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New Codename One iOS VM Is Now The Default

New Codename One iOS VM Is Now The Default

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New builds sent for iOS will now use the new iOS VM by default, this will deliver a lot of new features: stack traces, 64 bit, xcode 6+ support, iPhone 6/6+ native resolution, no stall GC etc.

We spent a great deal of time stabalizing the new VM but obviously it can’t be as mature as our existing XMLVM backend and so it is quite possible that you would run into issues that occur purely in the new VM. You can test that this is a new VM issue by building against the old VM using the build argument ios.newVM=false, assuming this is indeed a new VM issue please

file a bug

with a test case immediately.

There is currently one known issue with the new VM




Here is a mini FAQ on how this might affect your app:

Q: What does the new VM include? What might be affected by the migration?


The VM includes the portion that translates bytecode to C instructions, the garbage collector and the java.* packages of the virtual machine. All of those were rewritten from scratch to create the new VM. The old VM had quite a few bugs and misconceptions related to the threading model so threads would behave differently and more in line with the Java specification.

The build server, native API’s etc. weren’t significantly modified for the new VM so for most use cases the transition to the new VM should be seamless.

Q: What are the technical differences between the old and new VM?


The old VM was based on XMLVM which is a very generic tool that can translate any language/VM to any other language/VM. While this is pretty powerful it had quite a few drawbacks.

When Apple migrated to xcode 5.1 in preparation for 64 bit support they deprecated some assembly relied on by the XMLVM garbage collector. We also had several inherent bugs that were very hard to fix in XMLVM due to its generic architecture and we decided to make a clean break.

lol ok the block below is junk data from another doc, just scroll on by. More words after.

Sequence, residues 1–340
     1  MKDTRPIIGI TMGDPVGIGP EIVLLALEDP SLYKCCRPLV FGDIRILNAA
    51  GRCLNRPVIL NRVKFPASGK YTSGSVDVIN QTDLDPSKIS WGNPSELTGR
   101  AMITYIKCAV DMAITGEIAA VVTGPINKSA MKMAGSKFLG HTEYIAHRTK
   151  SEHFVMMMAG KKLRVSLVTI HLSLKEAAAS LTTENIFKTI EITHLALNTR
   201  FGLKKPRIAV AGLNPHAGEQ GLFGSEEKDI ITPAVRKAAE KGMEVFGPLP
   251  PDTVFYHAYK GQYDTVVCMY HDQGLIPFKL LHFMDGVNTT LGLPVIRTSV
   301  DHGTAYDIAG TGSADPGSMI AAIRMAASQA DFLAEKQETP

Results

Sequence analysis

The XMLVM iOS implementation translates Java bytecode to dex and then translates that into C code, the new VM goes directly to C from bytecode. This has an advantage for the

GC implementation

, but since the ARM CPU is register based performance tuning is a bit trickier with the new VM.

The old VM supported a very large block of the Java API but did so without proper testing resulting in many pieces that just didn’t work. The new VM uses a very lean implementation of the subset supported by Codename One alone and should be far more efficient for that reason.

In most things the performance of the new VM should be superior, however due to the advantages of DEX over the bytecode approach in some cases it might.

Q: Will native code/libraries be affected?


Not by default. Native interfaces will work exactly like they always worked and you should be able to use existing code without changes.

However, if you relied on existing behaviors of XMLVM such as by calling back from native code into the Java code you should read

this guide


Q: Why was the new VM developed? Why not maintain the old XMLVM port? Why not use another 3rd party VM?


We studied all the alternatives and came to the conclusion that any one of them would be the equivalent of moving back rather than forward.

They suffer from the problem of translating directly to machine code which is problematic with the frequent changes made by Apple. They also try to target the full Java language specification which is just too big to maintain/test in a reliable way across platforms.

Notice: This post was automatically converted using a script from an older blogging system. Some elements might not have come out as intended…. If that is the case please let us know via the comments section below.

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